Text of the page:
A frightened wife calls us. Her husband is in a state of panic, locked in a bedroom. Two of us coax him out and restrain him. It is a classic panic attack, an anxiety attack. Worry and anxiety are real, but they are devastating and can be disabling. They are more common than we think. Jesus commands, “Do not worry” (Matthew 6:31).
Anxiety often presents itself in men as panic or fear. It frequently presents itself in women in the form of phobias. When anxious, we see the world as a fearful place. The future is uncertain. There is a sense of helplessness. We may have headaches, nausea, chest pain, and fear a heart attack. A man measures his pulse every few minutes. It seems erratic. He panics. In the midst of anxiety, we are seldom satisfied. We are fidgety. We incessantly bounce a leg under the table. We are irritable. When a panic attack occurs, we are sure we are going to die, or we think we are going crazy.
Anxiety has to do with how we view life. It is a control issue. We sense life is out of control. Anxiety also has to do with how we react on the inside. It has to do with internal events, with how we think. Because anxiety is a control issue, giving someone more to do or increasing job demands is not the answer. Giving control lessens anxiety.
Three typical anxieties dominate our lives. Matthew 6:25 mentions two of them. “Do not be worried about your life, as to what you will eat or what you will drink; nor for your body, as to what you will put on.” What am I going to take to the fellowship supper? What are we going to feed our company? Such anxiety escalates to war over food within families and between nations. We also fret about clothing. What am I going to wear to the dance, the theater, the wedding? Young people kill for basketball shoes and designer jackets.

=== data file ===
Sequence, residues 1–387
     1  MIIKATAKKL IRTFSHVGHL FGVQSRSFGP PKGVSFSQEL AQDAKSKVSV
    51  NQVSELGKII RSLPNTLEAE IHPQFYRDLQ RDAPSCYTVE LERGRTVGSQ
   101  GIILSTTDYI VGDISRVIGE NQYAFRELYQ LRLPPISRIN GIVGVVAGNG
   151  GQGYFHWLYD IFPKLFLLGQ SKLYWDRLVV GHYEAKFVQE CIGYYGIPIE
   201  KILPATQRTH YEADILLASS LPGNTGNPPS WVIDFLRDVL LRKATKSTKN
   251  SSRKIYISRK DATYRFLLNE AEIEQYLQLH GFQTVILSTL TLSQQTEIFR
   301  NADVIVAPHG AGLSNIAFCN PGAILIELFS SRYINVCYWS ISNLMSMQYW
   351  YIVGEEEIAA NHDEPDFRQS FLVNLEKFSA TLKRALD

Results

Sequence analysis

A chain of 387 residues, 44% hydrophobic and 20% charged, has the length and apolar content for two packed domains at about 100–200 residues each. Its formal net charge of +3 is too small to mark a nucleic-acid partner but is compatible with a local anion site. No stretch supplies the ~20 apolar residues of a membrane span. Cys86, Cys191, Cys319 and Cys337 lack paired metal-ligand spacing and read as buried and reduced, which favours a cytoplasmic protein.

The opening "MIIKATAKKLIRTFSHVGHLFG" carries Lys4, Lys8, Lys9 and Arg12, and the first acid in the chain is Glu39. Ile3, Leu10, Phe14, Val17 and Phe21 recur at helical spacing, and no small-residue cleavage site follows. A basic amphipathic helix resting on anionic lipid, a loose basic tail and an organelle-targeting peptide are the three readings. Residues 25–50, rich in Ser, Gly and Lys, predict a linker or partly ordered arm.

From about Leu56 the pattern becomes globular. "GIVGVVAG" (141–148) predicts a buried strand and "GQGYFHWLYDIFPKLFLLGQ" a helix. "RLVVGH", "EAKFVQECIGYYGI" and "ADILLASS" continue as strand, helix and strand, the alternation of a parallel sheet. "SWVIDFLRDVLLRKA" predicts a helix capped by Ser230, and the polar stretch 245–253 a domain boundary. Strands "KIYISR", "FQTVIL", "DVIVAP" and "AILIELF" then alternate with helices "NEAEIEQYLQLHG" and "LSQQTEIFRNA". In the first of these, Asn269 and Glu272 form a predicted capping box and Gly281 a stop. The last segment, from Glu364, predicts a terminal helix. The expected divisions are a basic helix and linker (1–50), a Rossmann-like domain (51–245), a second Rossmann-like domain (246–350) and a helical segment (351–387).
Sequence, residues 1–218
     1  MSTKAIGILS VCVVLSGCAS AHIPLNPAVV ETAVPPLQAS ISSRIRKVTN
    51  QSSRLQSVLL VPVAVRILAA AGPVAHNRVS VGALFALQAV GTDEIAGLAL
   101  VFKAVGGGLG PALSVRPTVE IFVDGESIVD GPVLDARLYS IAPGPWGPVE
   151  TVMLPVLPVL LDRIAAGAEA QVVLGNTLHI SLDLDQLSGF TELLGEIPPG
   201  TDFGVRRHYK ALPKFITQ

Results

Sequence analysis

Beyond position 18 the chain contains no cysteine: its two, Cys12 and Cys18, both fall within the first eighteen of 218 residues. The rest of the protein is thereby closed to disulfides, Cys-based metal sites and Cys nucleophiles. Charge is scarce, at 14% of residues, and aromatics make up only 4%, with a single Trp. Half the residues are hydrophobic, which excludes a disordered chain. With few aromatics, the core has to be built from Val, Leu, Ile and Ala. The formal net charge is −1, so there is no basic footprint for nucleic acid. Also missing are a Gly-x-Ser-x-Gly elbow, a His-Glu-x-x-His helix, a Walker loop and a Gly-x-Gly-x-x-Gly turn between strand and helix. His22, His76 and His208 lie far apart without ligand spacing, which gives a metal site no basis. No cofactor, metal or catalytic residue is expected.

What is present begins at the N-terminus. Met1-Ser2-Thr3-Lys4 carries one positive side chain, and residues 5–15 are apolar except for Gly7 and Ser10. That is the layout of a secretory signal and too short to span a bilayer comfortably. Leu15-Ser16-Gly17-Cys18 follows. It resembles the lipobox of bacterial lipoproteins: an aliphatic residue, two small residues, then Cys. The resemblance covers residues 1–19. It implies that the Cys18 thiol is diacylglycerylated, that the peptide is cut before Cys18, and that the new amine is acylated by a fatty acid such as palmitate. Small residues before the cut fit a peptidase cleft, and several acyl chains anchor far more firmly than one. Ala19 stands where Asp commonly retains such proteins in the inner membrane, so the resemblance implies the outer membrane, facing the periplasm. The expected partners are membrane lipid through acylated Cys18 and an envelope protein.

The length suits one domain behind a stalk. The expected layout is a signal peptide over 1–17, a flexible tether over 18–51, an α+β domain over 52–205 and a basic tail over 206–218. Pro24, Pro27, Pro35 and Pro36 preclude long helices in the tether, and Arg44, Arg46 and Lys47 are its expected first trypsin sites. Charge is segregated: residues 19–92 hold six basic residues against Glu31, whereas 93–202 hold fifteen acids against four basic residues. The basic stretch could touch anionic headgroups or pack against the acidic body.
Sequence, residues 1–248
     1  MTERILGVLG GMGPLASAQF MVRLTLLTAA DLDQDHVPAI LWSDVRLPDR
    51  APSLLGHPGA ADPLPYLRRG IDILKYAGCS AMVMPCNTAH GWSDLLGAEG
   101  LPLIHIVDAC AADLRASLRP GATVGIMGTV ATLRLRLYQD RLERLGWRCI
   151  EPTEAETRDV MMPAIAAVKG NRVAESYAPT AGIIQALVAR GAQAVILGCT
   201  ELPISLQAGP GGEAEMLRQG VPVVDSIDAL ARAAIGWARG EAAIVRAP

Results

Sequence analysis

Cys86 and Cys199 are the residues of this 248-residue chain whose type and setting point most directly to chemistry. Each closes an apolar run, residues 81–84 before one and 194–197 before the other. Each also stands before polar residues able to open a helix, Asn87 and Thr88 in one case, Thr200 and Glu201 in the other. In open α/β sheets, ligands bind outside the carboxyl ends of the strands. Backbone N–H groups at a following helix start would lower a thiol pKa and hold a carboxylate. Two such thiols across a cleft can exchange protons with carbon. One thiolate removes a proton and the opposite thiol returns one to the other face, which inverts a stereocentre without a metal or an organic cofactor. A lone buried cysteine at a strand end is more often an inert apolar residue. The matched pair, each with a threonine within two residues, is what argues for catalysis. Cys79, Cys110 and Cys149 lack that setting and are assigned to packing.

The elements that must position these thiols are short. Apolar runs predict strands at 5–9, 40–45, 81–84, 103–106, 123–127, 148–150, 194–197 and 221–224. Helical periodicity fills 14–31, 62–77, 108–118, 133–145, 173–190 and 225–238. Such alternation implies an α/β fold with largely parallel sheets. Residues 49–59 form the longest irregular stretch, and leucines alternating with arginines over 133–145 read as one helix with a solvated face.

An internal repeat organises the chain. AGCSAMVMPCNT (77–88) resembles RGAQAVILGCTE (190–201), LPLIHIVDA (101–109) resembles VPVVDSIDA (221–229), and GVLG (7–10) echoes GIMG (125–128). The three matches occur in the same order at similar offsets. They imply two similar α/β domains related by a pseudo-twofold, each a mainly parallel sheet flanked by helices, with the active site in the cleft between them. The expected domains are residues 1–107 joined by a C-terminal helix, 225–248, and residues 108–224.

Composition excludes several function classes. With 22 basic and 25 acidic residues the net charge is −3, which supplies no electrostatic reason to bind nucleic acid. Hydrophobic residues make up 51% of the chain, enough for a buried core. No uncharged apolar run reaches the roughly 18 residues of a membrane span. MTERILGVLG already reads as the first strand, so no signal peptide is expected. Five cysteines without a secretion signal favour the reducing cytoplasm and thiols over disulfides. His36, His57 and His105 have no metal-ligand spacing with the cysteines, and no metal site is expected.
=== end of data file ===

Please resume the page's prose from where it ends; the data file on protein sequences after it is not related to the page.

Matthew 6:27 and 34 mentions a third worry. “Who of you by being worried can add a single hour to his life?” And, “Do not worry about tomorrow.” Can you add minutes or hours to your life? Suppose there is cancer? Suppose we have arthritis, bad vision, paralysis, old age, or some new and heretofore unknown disease. Will we add days to our lives? We do not ultimately control these things.
The answer to worry and anxiety is rooted in God. Matthew 6:19-21 exhorts. “Do not store up for yourselves treasures on earth, where moth and rust destroy, and where thieves break in and steal. But store up for yourselves treasures in heaven, where neither moth nor rust destroys, and where thieves do not break in or steal; for where your treasure is, there your heart will be also.” What do you treasure? Are fields, farms, houses, cars, computers, and jobs more important than God? We want God but not at the expense of a special car, a specific computer, or particular clothes. Anxiety rises because God is in our way.
When anxiety is high, faith is low. “If God so clothes the grass of the field, which is alive today and tomorrow is thrown into the furnace, will He not much more clothe you? You of little faith” (Matthew 6:30). Anxiety is indeed a control issue. We are not in control. God is. God provides adequate food and clothing. God also controls your future. To overcome anxiety, don’t center your thoughts on food, clothing, and the future. “Seek first His kingdom and His righteousness, and all these things will be added to you” (Matthew 6:33).